Once we reached the bottom of Rattlesnake Canyon, we could see that the road was switchbacking up the other side all the way back up as far as we had just come down. We immediately started looking for a turnout before the climb so that we could unhitch the Jeep. It’s tough enough asking a 36 foot motorhome to make such a climb. We don’t need to add an additional 4,000 pound Jeep. So, Sharon drove the Jeep and I motored up and out of the canyon in the Pace Arrow Vision. Frankly, I was impressed. The motorhome was like a billy goat the way it made the climb. Not a fast billy goat, mind you, but it was no slug either.

Once we got to Lewiston, it was decision time. Ultimately, we decided to take a chance on McKay’s Bend Campground. And as it turned out, we need not have worried about sites being available. Half the campground was empty.Our site 4 at McKay's Bend

The entire campground is along the Clearwater River and is beautifully tree covered with spacious lawn between sites, with asphalt pads with concrete patios. And throughout the campground the healthy lawn continues except for pads, roads and parking areas. It is absolutely park like.

Unfortunately, there is no internet and no cell service. At least not for ATT users, which we are. But even Verizon customers were having some issues. And, in trying to use our DISH Tailgater, there were just too many trees and steep hillsides to get a signal. So, no TV. But, as it turned out, we were fine without TV. And internet and phone were available when we went to Lewiston.

So now as I write this, it is hard to believe we will have stayed here for 8 days. That’s how much we like it. We originally had reservations for another Forest Service campsite at Hayden Lake, north of Couer D’Alene for the Labor Day weekend. The plan had been to stay at Mckay’s Bend for 4 days, and stay at the other campground for the holiday weekend. But on Friday it rained here. We want to try and avoid driving in rain as we travel so we made the decision to cancel the other reservation and stay here for the holiday weekend since we already had a great campsite.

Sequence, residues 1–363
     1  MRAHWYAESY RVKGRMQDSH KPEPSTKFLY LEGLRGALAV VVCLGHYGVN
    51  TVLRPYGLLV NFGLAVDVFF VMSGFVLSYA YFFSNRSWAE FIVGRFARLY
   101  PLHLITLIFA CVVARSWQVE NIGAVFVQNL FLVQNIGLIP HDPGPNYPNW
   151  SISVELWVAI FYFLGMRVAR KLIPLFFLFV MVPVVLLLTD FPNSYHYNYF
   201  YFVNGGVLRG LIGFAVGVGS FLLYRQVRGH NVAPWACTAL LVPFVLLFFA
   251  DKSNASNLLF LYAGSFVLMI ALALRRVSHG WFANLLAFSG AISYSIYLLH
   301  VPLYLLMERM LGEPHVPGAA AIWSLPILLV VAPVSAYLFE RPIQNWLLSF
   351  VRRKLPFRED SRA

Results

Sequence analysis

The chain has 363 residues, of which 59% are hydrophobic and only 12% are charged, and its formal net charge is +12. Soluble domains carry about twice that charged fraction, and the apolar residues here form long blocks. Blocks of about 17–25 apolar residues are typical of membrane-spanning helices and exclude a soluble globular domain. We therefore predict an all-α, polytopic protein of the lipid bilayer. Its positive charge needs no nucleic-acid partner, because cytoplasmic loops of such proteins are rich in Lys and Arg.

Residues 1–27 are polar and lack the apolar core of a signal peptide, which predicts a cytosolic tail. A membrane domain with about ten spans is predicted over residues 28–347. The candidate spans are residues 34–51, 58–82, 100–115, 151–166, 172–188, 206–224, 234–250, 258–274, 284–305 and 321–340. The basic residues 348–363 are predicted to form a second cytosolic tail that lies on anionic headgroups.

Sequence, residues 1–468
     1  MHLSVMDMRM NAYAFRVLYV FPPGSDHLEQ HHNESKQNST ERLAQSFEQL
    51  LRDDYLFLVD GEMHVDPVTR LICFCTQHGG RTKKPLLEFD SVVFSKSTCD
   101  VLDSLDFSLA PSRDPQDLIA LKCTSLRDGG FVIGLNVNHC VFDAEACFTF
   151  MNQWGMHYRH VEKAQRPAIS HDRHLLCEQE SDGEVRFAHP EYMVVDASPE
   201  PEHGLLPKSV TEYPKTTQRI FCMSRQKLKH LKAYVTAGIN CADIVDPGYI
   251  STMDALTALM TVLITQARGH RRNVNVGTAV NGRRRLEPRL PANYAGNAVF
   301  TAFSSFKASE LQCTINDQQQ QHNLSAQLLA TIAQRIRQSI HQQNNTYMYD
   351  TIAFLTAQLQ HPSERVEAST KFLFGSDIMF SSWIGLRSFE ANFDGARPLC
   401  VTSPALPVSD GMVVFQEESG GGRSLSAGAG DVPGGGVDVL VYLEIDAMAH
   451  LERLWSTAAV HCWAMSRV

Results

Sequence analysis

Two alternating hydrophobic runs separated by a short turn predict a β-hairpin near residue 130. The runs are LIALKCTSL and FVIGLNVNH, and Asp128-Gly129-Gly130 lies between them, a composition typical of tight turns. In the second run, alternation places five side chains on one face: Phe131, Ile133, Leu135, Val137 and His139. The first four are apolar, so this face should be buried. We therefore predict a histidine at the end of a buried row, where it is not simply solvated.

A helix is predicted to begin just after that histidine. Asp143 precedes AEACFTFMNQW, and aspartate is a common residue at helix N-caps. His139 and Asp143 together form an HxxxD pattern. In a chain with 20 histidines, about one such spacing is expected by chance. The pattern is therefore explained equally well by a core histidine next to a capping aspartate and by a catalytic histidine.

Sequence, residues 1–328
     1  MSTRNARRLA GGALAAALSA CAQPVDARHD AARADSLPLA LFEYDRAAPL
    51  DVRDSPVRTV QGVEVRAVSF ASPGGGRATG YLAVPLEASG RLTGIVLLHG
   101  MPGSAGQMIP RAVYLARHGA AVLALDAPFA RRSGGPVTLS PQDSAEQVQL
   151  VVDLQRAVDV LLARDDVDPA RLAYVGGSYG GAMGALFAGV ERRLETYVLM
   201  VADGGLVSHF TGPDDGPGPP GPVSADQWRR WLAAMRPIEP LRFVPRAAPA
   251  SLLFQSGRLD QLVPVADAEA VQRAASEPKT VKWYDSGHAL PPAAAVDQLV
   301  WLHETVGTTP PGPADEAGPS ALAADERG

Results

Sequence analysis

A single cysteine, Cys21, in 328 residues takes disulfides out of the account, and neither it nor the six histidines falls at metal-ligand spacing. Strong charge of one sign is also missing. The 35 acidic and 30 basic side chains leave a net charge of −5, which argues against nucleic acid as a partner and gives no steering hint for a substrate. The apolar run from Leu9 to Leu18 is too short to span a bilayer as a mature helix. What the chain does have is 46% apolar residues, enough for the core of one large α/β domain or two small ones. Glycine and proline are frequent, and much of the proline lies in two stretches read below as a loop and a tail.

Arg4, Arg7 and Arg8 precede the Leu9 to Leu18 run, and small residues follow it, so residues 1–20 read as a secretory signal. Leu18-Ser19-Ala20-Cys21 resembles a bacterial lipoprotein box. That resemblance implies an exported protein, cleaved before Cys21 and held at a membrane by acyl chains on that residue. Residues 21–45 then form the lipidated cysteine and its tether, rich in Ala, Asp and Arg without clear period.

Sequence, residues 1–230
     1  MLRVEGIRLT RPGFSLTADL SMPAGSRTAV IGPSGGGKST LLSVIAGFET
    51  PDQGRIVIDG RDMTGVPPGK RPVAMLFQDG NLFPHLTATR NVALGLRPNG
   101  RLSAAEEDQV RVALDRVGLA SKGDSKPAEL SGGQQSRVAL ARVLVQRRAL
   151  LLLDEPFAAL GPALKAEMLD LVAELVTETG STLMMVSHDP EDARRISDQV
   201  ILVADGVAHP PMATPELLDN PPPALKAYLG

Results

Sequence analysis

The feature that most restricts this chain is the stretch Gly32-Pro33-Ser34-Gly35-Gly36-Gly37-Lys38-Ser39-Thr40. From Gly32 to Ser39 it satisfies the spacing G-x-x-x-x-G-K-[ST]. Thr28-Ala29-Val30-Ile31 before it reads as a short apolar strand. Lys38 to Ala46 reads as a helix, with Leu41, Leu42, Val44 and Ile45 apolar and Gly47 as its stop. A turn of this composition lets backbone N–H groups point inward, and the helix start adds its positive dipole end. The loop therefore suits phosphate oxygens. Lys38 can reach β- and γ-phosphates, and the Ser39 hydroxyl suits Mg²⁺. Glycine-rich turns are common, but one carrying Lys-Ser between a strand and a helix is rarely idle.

As we have been traveling, we try to get out and get the lay of the land, so to speak, in those areas we are staying. Such was the case while staying at McKay’s Bend. Aside from the requisite resupply trips to Costco and Walmart, we had new brakes put on the front of the Jeep at one of the local Les Schwab’s in town and even caught a movie (Jason Bourne). On another trip, we took a long walk along the levee that overlooks the confluence of the Snake and Clearwater rivers. Did you know that Lewiston, Idaho is a seaport? Through a series of dams and locks, some ocean-going vessels are capable of reaching Lewiston from the mouth of the Columbia River at Astoria, Oregon some 465 miles away. Here is a photo of Lewiston, Idaho and Clarkston, Washington. They would probably be one town except for the confluence of the Snake and Clearwater rivers, and the resultant drawing of state boundaries. Lewiston is on the left, Clarkston on the right. The Snake River is in the center of the photo. Lewiston_Clarkston from Above

Since visiting the Wallowas of northeastern Oregon, the home of the Joseph Band of Nez Perce and the burial site of Chief Joseph the Elder, and now traveling through north central Idaho and eventually to Montana, we have been under the influence of important elements of American History, that pertaining to Nez Perce native Americans, and also to the explorations of Lewis and Clark, both histories of which have crossed paths in the Lewiston area.Nez Perce Museum So, it was fitting that we should visit the Nez Perce National Historic Park and Museum while here. It is located just east of Lewiston along the Clearwater River, one of the ancestral homes of the Nez Perce.

At the precise location of the museum and park, a particular band of the Nez Perce lived, fished, hunted, farmed and raised and trained stock for a thousand years. The Clearwater River is below the bench just beyond the treeline. Spaulding Site

Horse Regalia

 

 

 

 

 

Pictures will not do the museum justice. It is a treasure trove of items that serve to show how the Nez Perce lived, fought and died for there land and their culture.

Nez Perce Women

 

 

 

 

 

 

 

But, although we have really enjoyed our stay here, and have even developed some new friendships among fellow campers,  moving day is upon us once again. We’ll be retracting our levelers and getting back on the road.  Next stop Missoula, Montana and then on to Kalispell. Glacier National Park is calling.